I’ve been in a bit of a slump lately. I find that I get in these funks from time to time, where a few week pass and I feel as though I am accomplishing very little, both personally and professionally. I don’t know if it’s a seasonal disorder / nutrient deficiency / alignment of the planets thing or what, but whatever it is, it sucks a throbbing donkey dong.
Whenever I get in these little ruts of mine, there’s one thing I always find a little curious: no matter how listless I get, I always manage to keep up with my video gaming. Moreover, I find myself asking the same questions each time: “Why are video games such an exception? How come when I don’t feel like doing anything, I still feel like doing this?”
Now, there are certain obvious answers to this question that may occur to the naïve reader. Of course I still play video games… they’re “games”, after all. By definition, they’re supposed to be fun. What’s more, they’re the kind of fun I can have without the burden of leaving the couch or putting on pants. What could be easier than that?
However, I think the real answer is more complicated than that. For example, anyone who has ever seen me play a video game—with my body rigid and twitching from the stress of thousands of near-death experiences, eyes red and bloodshot from lack of blinking, and a slight bruise on my thigh where I punch my leg in frustration every time my character meets an untimely end—would be hard pressed to imagine that I’m having “fun”. In fact, they’d be just as likely to call the police, assuming that I’m being held against my will, subjected to some variant of the Ludovico technique.
|Maybe if I develop an aversion to being chainsawed in half, it’ll make me better at Gears of War.|
It’s not just appearances… in fact, there are plenty of times when I’m really not having “fun”. For example, I don’t think I was having fun when I spent two hours jumping down flights of stairs trying to train up my Acrobatics skill while playing The Elder Scrolls IV: Oblivion, and I certainly don’t have fun playing Call of Duty online multiplayer as I’m repeatedly and brutally murdered by foul-mouthed adolescents with Gamertags like PwnsUrMom. (I made this tag up, but of course it turned out to be the real handle of a redneck from the Florida panhandle. Motto: “Cold beer, George Strait, and good people is all I need.”)
So what’s the difference? How can I be “motivated” enough to play video games, even when I’m not motivated enough to do virtually anything else?
I think the answer to this question is best phrased in terms of goals. Let’s say that a goal consists of three parts: a what, a how, and a why. In other words, what do I want to accomplish? How do I go about it? Finally, why the hell should I bother?
In video games, the “what” is usually handed to us. Typically, the “what” is as simple as “save the world”, or “kill that guy over there”. Although more specific goals may manifest as Achievements, such as “Smash 1000 pixies with the Gavel of Procedural Amendments (+30 Gamerpoints)”, in any case our goals are nearly always given to us. In fact, so common is this practice that I remember being pretty confused and disoriented the first time I played Minecraft, a sandbox game so open-ended that there really is no stated goal.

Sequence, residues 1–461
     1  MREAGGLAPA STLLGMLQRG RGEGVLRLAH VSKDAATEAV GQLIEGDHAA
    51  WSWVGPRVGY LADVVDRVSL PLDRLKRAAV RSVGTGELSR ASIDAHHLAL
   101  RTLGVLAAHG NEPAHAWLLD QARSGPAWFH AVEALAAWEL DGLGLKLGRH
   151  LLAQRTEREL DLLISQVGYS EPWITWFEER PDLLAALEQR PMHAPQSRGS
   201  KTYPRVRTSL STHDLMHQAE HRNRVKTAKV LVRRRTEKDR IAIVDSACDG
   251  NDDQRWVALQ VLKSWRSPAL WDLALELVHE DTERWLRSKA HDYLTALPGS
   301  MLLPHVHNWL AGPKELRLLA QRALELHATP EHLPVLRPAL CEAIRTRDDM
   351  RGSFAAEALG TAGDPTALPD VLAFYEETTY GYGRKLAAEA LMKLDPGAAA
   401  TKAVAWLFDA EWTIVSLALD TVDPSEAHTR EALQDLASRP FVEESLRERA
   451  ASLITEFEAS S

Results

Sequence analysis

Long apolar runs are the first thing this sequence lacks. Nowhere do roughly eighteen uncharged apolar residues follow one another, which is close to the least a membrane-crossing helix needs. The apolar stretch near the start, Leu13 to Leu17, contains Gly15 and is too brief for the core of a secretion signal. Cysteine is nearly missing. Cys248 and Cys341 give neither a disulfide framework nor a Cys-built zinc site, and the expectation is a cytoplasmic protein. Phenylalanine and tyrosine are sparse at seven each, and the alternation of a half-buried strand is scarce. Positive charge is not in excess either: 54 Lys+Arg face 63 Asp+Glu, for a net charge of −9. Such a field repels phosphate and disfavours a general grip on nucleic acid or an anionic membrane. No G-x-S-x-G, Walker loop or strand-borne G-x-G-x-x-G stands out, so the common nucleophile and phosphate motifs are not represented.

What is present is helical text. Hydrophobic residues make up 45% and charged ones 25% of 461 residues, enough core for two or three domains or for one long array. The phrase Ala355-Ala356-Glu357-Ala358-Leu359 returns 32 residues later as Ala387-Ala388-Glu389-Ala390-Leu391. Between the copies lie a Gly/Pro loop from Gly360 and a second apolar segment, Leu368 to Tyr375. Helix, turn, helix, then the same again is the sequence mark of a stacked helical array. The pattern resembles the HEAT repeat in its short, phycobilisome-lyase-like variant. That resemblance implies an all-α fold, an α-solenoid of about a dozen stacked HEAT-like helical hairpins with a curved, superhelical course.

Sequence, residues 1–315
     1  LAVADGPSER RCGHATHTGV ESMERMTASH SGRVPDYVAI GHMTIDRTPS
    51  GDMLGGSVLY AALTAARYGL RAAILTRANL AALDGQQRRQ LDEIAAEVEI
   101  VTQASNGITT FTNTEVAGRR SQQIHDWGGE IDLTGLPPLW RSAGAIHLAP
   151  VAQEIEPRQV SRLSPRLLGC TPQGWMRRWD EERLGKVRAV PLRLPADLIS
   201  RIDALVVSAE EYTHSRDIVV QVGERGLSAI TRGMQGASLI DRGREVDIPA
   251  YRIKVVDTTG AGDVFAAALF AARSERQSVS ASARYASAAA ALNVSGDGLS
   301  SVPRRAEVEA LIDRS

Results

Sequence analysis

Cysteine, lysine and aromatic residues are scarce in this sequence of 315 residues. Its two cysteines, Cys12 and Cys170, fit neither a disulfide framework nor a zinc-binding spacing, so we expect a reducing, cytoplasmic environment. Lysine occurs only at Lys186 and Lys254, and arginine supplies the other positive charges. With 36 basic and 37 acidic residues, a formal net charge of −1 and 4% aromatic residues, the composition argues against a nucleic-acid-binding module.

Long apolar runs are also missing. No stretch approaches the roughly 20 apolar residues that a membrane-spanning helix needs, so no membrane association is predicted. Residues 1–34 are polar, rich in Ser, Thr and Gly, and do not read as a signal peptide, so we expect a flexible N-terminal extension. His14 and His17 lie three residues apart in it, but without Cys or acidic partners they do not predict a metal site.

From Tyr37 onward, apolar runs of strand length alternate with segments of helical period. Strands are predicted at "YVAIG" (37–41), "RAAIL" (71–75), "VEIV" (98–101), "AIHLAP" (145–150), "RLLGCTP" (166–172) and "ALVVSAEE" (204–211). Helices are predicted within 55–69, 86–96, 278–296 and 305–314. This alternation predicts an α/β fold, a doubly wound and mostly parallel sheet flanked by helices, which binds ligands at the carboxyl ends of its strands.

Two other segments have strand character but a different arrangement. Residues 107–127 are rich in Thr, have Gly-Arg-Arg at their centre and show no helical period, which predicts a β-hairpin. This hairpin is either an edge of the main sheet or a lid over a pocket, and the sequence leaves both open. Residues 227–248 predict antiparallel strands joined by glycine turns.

|Great, I built a castle. Does this mean I win?|
However, it’s not like things are much different in the real world. Most of the goals I have are things handed to me by society: “graduate from college and get a job”, “copulate with a woman for the purposes of making a genetic copy of yourself”, “survive 78 consecutive years without dying (+30 Gamerpoints)”. I’m not saying this is a bad thing… I mean, there has to be some reason these goals are so common, as opposed to goals like “collect one million plastic forks” or “grow more limbs than anybody else”.
Where video games and reality differ much more is in the “how”. When I’m playing a video game, I almost always know how to work toward the thing I’m trying to accomplish. (Role playing game: kill enemies, get gold, buy better weapons, repeat. Platformer: kill enemies, save princess, repeat. First-person shooter: kill enemies, repeat.) By contrast, at work I almost never know how to work towards my goal. (Will this equation solve my problem? Will that project get me a raise?) At home, it’s even worse. (Will this thoughtful gesture keep my wife from getting mad at me? Will that parenting style keep my kid alive until adulthood while subjecting him to the minimum amount of emotional damage?)
Finally, there’s the “why”. At the most philosophical level, this question is all-encompassing: why are we here? What is our purpose on this Earth? Fortunately, the answer to these questions (like all questions) can be found on the Internet, both here and here.
Seriously, though… why do we do anything that we do? For wealth or power? For glory or recognition? To help others? For me, I’m not sure how much it matters. Even at my motivational nadir, I’m still compelled to play video games, and they offer none of those things (at least, not in reality). Regardless of the “why”, I think I’m more likely to get off my ass and do something if the “what” and the “how” are easily accessible. Perhaps if I could find a way to make real life more like video games in this respect, I’d have an easier time getting things accomplished.